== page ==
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#6 #define   User is offline

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Re: Array in class without number of elements

Posted 11 April 2014 - 06:56 PM

If you used a sentinel value for the last string, then you wouldn't need to bother with pointers that much.

const string SENTINEL("This is the end"); 
//...
list[size] = SENTINEL;
//or
list[size] = "This string is intentionally left blank";


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#7 Skydiver   User is online

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Re: Array in class without number of elements

Posted 11 April 2014 - 10:56 PM

Instead of the C-style with an empty last string, or the sentinel end of list marker, you code go Pascal style and store the number of passengers as the first string.

in constructor:
list = new string[NMB + 1];
stringstream str;
str << NMB;
list[0] = str.str();
for(int i = 0; i < NMB; i++)
    list[i+1] = passengers[i];

in print function:
if (list == NULL)
    return;

int NMB;
stringstream str(list[0]);
str >> NMB;
for(int i = 0; i < NMB; i++)
    cout << list[i+1];;


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#8 berooo   User is offline

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Re: Array in class without number of elements

Posted 15 April 2014 - 11:51 AM

View PostSkydiver, on 11 April 2014 - 10:56 PM, said:

Instead of the C-style with an empty last string, or the sentinel end of list marker, you code go Pascal style and store the number of passengers as the first string.

in constructor:
list = new string[NMB + 1];
stringstream str;
str << NMB;
list[0] = str.str();
for(int i = 0; i < NMB; i++)
    list[i+1] = passengers[i];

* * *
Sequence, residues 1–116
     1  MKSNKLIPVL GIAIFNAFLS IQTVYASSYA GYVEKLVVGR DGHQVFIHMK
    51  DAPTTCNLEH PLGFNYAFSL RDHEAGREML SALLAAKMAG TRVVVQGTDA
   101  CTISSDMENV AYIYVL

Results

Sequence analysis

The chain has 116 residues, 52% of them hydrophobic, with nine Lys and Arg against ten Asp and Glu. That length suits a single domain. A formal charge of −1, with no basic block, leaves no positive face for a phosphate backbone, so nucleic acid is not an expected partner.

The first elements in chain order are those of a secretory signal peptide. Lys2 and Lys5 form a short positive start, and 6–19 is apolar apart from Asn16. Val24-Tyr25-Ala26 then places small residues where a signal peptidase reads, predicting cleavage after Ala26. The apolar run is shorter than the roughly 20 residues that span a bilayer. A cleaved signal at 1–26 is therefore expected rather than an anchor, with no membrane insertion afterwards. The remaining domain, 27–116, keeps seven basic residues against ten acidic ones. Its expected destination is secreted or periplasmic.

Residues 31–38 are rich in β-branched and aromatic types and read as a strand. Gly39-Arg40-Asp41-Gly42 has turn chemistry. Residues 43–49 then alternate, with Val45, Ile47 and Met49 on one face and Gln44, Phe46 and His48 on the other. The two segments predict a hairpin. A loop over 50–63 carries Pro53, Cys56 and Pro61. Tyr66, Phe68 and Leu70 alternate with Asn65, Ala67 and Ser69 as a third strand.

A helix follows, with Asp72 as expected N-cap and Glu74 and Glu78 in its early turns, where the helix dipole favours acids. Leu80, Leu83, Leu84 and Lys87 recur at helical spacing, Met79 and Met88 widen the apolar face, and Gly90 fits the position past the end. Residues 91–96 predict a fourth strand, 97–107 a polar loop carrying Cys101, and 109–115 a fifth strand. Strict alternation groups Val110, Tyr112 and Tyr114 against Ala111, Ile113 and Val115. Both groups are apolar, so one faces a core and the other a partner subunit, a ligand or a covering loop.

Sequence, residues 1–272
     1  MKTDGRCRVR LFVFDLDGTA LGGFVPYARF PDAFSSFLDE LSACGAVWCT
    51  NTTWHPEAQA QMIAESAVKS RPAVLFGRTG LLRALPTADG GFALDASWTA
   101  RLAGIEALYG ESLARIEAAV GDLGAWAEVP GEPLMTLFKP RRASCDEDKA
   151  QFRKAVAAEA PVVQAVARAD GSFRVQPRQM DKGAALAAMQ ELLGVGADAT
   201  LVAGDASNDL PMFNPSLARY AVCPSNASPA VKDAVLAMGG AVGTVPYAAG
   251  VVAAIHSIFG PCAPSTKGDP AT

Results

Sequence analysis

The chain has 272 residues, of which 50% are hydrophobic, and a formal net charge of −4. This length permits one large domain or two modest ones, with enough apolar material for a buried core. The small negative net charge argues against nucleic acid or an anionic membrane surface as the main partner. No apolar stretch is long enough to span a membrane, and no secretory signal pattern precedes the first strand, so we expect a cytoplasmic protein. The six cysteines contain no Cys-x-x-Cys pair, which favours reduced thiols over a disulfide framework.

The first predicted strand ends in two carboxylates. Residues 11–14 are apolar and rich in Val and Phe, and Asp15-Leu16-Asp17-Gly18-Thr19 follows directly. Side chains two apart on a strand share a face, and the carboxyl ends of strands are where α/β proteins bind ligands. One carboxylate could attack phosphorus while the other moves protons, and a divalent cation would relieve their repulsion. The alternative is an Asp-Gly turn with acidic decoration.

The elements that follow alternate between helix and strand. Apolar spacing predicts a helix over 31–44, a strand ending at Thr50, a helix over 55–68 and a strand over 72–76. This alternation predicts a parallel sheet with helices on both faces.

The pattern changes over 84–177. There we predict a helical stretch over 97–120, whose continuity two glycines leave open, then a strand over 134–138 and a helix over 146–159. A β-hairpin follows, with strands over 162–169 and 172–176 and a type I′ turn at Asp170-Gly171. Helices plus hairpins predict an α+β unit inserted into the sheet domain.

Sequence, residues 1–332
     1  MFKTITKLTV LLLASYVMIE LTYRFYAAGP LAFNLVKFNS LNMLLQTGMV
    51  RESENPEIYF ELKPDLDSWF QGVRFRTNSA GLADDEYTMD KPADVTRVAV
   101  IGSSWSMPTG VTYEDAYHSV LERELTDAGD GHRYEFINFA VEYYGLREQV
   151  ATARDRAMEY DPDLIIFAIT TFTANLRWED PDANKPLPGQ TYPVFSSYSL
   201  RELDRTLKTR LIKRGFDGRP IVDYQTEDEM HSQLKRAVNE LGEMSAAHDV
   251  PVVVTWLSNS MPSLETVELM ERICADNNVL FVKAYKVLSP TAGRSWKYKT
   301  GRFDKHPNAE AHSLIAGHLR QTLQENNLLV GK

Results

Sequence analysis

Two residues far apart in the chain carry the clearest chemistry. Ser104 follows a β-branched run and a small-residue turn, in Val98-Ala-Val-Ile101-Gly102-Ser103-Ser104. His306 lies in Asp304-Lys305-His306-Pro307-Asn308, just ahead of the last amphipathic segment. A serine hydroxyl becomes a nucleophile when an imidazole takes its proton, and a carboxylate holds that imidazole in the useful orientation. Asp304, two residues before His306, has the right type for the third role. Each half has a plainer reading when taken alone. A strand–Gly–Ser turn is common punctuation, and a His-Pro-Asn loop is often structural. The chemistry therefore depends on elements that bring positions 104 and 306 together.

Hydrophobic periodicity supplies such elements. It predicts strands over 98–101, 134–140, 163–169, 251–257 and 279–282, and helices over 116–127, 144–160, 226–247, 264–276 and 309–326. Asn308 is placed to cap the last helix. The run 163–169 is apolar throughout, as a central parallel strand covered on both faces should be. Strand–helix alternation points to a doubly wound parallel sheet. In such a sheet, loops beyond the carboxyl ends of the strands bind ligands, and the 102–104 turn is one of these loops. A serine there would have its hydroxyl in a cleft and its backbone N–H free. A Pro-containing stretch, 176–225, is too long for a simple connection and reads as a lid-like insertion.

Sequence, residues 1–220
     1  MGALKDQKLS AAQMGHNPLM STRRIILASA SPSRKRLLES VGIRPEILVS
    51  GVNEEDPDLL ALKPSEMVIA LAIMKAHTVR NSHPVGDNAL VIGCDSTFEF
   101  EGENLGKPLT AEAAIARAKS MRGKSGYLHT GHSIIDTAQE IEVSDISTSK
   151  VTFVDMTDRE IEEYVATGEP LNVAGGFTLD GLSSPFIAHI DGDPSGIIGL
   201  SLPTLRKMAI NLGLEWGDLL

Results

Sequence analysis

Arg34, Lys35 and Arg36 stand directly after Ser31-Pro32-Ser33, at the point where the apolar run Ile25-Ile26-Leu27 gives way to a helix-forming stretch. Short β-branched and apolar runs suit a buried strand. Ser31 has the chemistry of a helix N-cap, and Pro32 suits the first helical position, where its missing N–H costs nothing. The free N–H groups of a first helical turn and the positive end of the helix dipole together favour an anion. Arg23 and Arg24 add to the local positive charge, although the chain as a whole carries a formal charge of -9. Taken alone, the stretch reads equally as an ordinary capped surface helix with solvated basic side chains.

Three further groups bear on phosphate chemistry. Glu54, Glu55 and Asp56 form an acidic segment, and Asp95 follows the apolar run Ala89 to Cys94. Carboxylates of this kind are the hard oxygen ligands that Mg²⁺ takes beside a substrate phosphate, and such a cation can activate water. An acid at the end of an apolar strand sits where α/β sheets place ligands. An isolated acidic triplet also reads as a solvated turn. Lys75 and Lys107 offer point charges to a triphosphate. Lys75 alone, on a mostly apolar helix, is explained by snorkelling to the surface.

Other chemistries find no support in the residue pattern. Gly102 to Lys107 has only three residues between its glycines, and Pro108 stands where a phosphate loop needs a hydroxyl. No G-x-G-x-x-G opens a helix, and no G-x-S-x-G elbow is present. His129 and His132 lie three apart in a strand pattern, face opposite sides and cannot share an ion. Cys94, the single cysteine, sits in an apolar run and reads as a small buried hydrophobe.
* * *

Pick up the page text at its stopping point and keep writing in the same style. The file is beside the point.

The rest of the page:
in print function:
if (list == NULL)
    return;

int NMB;
stringstream str(list[0]);
str >> NMB;
for(int i = 0; i < NMB; i++)
    cout << list[i+1];;



I tried your code and it does work. I like the idea, but we never used stringstream.
I haven't seen my TA yet, so I don't know what will his answer be
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#9 berooo   User is offline

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Re: Array in class without number of elements

Posted 15 April 2014 - 11:59 AM

View PostTriggaMike, on 11 April 2014 - 12:56 PM, said:

Since this is an exam question, maybe they were looking for a different approach to solve the problem of indexing in an array without a size?

I think a relatively easy solution would be to use the theory behind Cstring and simply tack on a null terminator after your last point of data, so the code would be like:

Class Plane
/*unaltered code*/

Plane :: Plane(int MT, int NMB, string passengers[]){
	
	motors = MT;
        int number = NMB; // why assign instead of just using NMB

	list = new string[number + 1]; // Increase the size of the array by one

	for (int i =0; i<number; i++) // Left this loop unchanged
		*(list+i)=passengers[i];

        *(list + number) = NULL; //Added code to append a NULL terminator
}
void Plane :: PrintPassengers()
{
	for (int i=0; *(list+i) != NULL ; i++)    //The test is now simply scanning for NULL
	cout << *(list+i) << endl;
}


I'm fairly certain that would have been a reasonable solution to your problem. I'm fairly new to C++ so I'm not 100% sure that this *(list+i) != NULL line will do exactly what I'm looking for, but I'm pretty sure it should.


This idea is the most similar to the solutions we usually used in the class,
so I guess this will probably be it.
Thank you.
I haven't seen my TA yet, and when he tells us the right answer
I will also post it here.